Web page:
MLB Wrap: Nats recover in extras, beat Cubs

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MLB Wrap: Nats recover in extras, beat Cubs

CHICAGO -- Stephen Strasburg and the Nationals were cruising along until it all fell apart. Then, a slow roller bailed them out.

Denard Span scored the go-ahead run on pinch-hitter Chad Tracy's grounder in the 13th inning, and the Nationals beat the Chicago Cubs 5-4 on Thursday after Strasburg blew a three-run lead in the ninth.

Span doubled leading off the 13th against Michael Bowden (1-3). He moved up on a sacrifice bunt by Steve Lombardozzi and came around on Tracy's roller to the first-base side of the mound.

"We got to do better than that. I mean, that gave me a heart attack," manager Davey Johnson said, smiling. "It's a good thing we had a track star down on third base. But a win is a win."

Craig Stammen (7-5) worked two innings and earned the victory. Drew Storen secured his third save in eight chances (see full recap).

Jackson's fielding costs Tigers
DETROIT -- Chris Herrmann thought he had missed his chance to give the Minnesota Twins a much-needed win in a road series.

But his second RBI double of the game broke an eighth-inning tie and helped the Twins beat the Detroit Tigers 7-6 on Thursday.

With two outs, the Twins catcher lined a ball into the right-center field gap. Center fielder Austin Jackson got a bad break on the ball, and just missed while attempting a shoestring catch. Doug Bernier scored from second to give the Twins the lead.

"I thought I hit it right at him, and it isn't like he's going to drop the ball," Herrmann said. "I still have no idea why it started hooking right, but I'll take it."

Jackson took a couple of indecisive steps toward right-center and then realized he was in trouble. He got close, but his style of not diving for balls cost him. He tried to grab the ball off the top of the grass, and couldn't hang on (see full recap).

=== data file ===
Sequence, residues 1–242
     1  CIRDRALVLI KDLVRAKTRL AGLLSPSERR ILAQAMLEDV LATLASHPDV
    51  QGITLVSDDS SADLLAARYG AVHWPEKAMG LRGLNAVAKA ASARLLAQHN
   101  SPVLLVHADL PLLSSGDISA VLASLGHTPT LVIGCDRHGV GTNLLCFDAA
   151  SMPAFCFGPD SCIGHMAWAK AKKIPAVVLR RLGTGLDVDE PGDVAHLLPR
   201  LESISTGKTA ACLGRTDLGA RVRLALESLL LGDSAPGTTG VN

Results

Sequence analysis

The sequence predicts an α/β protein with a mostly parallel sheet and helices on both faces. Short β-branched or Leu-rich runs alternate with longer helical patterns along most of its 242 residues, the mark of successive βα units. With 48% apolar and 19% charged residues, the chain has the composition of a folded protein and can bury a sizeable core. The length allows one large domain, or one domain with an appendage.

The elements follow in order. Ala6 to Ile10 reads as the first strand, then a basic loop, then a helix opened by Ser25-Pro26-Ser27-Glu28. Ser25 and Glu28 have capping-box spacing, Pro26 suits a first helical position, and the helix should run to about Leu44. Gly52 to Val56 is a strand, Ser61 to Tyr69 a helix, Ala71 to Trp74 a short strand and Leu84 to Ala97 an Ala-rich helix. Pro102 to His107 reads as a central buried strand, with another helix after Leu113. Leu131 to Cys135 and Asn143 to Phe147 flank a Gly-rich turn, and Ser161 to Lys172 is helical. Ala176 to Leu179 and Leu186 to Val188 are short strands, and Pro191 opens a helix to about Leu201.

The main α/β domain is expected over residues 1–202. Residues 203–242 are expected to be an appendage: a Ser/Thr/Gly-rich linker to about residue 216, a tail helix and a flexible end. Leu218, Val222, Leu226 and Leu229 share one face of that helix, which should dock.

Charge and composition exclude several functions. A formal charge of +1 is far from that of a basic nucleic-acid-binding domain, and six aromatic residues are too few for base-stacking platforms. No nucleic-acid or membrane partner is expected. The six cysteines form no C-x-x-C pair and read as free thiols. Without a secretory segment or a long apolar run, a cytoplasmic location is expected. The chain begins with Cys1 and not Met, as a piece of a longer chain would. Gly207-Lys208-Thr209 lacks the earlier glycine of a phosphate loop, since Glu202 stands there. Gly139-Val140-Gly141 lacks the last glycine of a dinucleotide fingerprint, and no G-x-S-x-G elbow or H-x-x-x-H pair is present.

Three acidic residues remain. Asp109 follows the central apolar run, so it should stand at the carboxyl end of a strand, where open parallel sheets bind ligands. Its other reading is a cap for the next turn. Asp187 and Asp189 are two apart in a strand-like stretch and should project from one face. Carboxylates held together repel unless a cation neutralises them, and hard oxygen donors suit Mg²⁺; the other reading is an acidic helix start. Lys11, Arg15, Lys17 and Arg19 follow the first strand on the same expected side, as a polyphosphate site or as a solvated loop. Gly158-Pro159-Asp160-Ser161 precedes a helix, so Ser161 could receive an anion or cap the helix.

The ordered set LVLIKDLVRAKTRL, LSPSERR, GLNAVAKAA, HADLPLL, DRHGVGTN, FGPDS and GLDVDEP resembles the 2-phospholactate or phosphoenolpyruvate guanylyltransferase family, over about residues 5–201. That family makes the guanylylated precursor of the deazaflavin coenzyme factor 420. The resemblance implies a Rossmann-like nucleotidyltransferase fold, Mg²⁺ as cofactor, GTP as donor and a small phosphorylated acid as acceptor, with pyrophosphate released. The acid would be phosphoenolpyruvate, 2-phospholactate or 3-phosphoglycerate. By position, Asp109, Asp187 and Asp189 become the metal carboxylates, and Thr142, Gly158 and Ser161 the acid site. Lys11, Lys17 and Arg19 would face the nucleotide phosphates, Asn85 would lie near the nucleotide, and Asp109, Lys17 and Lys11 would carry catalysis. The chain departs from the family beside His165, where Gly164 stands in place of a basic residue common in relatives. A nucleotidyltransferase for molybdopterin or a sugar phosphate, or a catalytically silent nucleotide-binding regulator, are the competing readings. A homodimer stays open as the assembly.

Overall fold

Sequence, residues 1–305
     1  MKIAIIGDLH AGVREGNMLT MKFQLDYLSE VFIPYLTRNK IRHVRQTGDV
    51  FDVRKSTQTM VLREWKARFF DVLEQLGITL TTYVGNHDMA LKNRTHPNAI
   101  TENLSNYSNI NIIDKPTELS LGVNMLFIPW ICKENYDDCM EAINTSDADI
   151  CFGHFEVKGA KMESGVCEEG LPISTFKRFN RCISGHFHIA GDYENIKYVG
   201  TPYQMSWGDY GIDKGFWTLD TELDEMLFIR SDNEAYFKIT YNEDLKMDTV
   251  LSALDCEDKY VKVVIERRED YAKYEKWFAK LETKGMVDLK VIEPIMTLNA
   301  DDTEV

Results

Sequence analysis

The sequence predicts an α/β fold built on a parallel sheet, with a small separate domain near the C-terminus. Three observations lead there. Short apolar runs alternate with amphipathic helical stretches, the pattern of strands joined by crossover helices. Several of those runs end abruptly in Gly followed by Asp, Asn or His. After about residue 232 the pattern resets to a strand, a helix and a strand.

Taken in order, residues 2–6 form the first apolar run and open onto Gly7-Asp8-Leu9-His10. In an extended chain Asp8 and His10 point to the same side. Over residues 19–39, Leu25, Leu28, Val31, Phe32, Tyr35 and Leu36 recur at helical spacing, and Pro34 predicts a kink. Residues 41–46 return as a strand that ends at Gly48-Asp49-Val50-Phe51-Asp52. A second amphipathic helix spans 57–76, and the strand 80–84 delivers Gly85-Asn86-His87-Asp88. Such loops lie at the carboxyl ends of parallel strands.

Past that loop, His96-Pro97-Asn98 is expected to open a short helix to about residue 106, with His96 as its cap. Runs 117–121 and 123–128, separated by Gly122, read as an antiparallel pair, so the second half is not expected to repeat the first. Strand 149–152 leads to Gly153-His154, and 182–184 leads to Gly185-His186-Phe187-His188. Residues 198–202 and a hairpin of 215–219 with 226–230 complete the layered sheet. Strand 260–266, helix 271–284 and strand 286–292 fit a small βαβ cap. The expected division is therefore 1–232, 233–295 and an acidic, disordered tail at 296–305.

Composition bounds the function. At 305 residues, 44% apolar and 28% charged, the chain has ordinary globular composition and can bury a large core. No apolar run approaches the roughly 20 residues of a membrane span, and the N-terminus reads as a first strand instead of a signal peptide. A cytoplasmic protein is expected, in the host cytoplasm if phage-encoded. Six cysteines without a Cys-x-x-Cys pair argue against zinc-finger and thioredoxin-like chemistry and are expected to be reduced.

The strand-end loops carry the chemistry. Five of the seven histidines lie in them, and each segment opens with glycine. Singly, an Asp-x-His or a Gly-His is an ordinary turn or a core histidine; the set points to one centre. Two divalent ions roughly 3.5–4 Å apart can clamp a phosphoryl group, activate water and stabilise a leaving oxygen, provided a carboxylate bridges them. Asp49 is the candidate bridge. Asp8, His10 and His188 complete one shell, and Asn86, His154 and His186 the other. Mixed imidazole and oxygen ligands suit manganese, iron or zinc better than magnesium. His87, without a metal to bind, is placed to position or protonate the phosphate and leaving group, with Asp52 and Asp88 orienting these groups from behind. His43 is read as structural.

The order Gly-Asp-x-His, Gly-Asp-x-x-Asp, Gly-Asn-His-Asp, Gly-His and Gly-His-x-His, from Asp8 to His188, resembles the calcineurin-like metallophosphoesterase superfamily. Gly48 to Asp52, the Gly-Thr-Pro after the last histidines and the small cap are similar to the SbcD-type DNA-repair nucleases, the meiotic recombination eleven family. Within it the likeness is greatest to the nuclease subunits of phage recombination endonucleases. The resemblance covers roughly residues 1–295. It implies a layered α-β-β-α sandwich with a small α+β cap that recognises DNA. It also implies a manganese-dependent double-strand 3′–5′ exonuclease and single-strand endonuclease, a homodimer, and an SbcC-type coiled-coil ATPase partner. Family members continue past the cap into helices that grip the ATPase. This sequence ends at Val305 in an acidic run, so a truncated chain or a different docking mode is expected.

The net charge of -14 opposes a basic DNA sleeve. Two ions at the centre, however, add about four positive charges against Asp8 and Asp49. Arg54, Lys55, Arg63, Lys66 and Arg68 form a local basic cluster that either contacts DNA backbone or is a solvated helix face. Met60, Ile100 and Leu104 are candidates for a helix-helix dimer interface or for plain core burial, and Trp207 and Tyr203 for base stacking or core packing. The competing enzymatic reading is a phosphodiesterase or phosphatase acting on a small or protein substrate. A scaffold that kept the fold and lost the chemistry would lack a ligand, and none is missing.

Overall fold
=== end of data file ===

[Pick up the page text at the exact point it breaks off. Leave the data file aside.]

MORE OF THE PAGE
Surging Yankees hold off Blue Jays
NEW YORK -- Andy Pettitte, Alex Rodriguez and the New York Yankees are making their move in the AL playoff race -- thanks in large part to all the wins they are piling up against Toronto.

Pettitte pitched six effective innings, and Curtis Granderson homered to help the surging Yankees win 5-3 on Thursday after a 3 1/2-hour rain delay, their 10th straight victory over the Blue Jays.

New York took advantage of a missed call by the umpires to win its fifth consecutive game and 10th in 12 overall.

"We're feeling good about ourselves, and you knew this was going to happen," Pettitte said. "It was just a matter of when, and you hope it's not too late" (see full recap).

Instant Replay: Phillies 4, Reds 3

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Instant Replay: Phillies 4, Reds 3

BOX SCORE

The Phillies rallied for a 4-3 walk-off win over the Cincinnati Reds on Saturday.

Tommy Joseph won it with a single up the middle with no outs in the bottom of the ninth. The hit scored Aaron Altherr, who had singled and moved to second on a wild pitch.

The Phils have won just six of their last 27 games. Joseph has had a walk-off, game-winning hit in the last two wins.

In addition to Joseph, who also homered, the star of the game was the Phillies' bullpen. Four Phils' relievers combined on 3 2/3 scoreless innings after starter Jerad Eickhoff exited. The Phillies' bullpen is riding a 19 2/3-innings scoreless streak.

Starting pitching report
Eickhoff allowed eight hits and three runs over 5 1/3 innings. He gave up a bunt hit and a two-run homer to the first two batters of the game but took a 3-2 lead into the sixth inning. He allowed a leadoff single and a one-out RBI double in that inning as the Reds tied the game at 3-3.

Veteran Bronson Arroyo, back in action at age 40 after recovering from surgery the last two seasons, gave up three runs — all on solo homers — over five innings.

Bullpen report
Good work by Edubray Ramos to get two outs in the sixth to strand a runner in scoring position and preserve a 3-3 tie. Pat Neshek, Joaquin Benoit and Hector Neris each followed with a scoreless inning. Neris struck out dangerous Joey Votto on a splitter with a man on base to end the top of the ninth. He got the win.

Austin Brice pitched two scoreless innings for the Reds. Michael Lorenzen took the loss. He gave up two hits in the ninth. Joseph's game-winning hit came on a 97 mph heater.